Today, in an ever-increasing technological world, the average commuter is plugged into at least one device, maybe two, maybe three. We get lost in our doings and thinking’s and partake in primitive behaviors such as nose picking, snoring, leg spreading, and crotch scratching that perhaps only our unconscious and our neighbor can confirm. 

The train itself is a modern advancement in technology that gets us from point A to point B faster than ever before, but it is still not fast enough. We are constantly striving for a faster commute, faster service, faster internet, fast consumption. 

Spinning yarn with a drop spindle is the most time consuming way to create yarn. Every strand is uniquely its own and impossible to replicate. The act of spinning yarn in the midst of a hyper technological contemporary environment emphasizes how drastically our culture has changed and how separated we are from our sense of touch.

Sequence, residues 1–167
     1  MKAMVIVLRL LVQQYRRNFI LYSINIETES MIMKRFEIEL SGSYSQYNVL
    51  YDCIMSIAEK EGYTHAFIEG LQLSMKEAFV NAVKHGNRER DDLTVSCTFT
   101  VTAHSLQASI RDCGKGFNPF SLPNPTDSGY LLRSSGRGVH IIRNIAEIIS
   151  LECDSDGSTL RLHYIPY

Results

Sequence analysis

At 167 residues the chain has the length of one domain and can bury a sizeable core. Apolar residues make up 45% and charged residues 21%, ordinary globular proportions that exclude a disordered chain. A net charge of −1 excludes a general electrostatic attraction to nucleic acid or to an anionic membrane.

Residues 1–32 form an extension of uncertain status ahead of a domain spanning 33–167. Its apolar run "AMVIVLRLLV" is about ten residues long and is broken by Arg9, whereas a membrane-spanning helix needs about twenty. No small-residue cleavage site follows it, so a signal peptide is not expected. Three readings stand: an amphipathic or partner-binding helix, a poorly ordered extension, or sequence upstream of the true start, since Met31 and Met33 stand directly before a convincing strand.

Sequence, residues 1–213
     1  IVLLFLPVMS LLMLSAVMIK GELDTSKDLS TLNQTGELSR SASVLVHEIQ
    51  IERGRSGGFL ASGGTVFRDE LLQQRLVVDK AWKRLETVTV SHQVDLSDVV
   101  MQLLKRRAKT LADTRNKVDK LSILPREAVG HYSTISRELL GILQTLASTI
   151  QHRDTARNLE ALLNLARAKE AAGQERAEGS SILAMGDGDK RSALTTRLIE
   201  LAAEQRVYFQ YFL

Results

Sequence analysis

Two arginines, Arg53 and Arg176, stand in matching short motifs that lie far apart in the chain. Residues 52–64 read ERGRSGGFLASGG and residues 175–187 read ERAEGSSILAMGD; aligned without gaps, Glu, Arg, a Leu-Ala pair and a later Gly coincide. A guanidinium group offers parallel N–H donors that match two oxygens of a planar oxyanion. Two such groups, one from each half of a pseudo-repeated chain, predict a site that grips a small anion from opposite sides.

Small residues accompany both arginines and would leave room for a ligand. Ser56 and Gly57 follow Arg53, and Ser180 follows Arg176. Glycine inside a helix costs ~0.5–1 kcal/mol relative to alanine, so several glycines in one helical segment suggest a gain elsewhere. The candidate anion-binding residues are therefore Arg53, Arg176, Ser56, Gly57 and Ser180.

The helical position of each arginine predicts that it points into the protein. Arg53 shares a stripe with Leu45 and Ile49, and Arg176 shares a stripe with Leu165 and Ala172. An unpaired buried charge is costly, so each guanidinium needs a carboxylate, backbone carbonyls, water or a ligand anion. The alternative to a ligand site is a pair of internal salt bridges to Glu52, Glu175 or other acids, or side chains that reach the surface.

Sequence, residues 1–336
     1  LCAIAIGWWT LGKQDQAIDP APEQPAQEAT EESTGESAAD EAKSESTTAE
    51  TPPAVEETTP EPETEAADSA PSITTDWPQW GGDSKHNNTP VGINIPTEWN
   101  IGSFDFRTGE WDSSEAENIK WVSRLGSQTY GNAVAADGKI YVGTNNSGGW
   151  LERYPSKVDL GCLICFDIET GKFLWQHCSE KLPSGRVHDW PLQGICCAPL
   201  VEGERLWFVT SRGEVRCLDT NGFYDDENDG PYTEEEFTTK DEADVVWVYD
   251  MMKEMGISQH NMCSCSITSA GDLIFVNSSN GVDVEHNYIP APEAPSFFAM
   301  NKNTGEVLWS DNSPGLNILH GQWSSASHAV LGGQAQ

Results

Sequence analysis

The idea for Train Spinning emerged as I was completing 100 Days. The 100 Days project had shed a lot of light on elements of my life that I might address in pursuit of a more holistic existence. Time spent void of nature in an uncomfortable environment was one of them. I had already begun spinning on the train out of instinct, so I decided to dedicate a year (365 days) to looking at this in a deeper way. During this time, I spun while on the train, notated everywhere I went and then made drawings mapping my travels. The spinning activated my sense of touch and kept me feeling present in my body in a space where that seemed impossible. It also emphasized my inner knowing that I was moving around too much and needed to find a moment for stillness. This need for a quiet mind was the beginning of Notes On Yoga.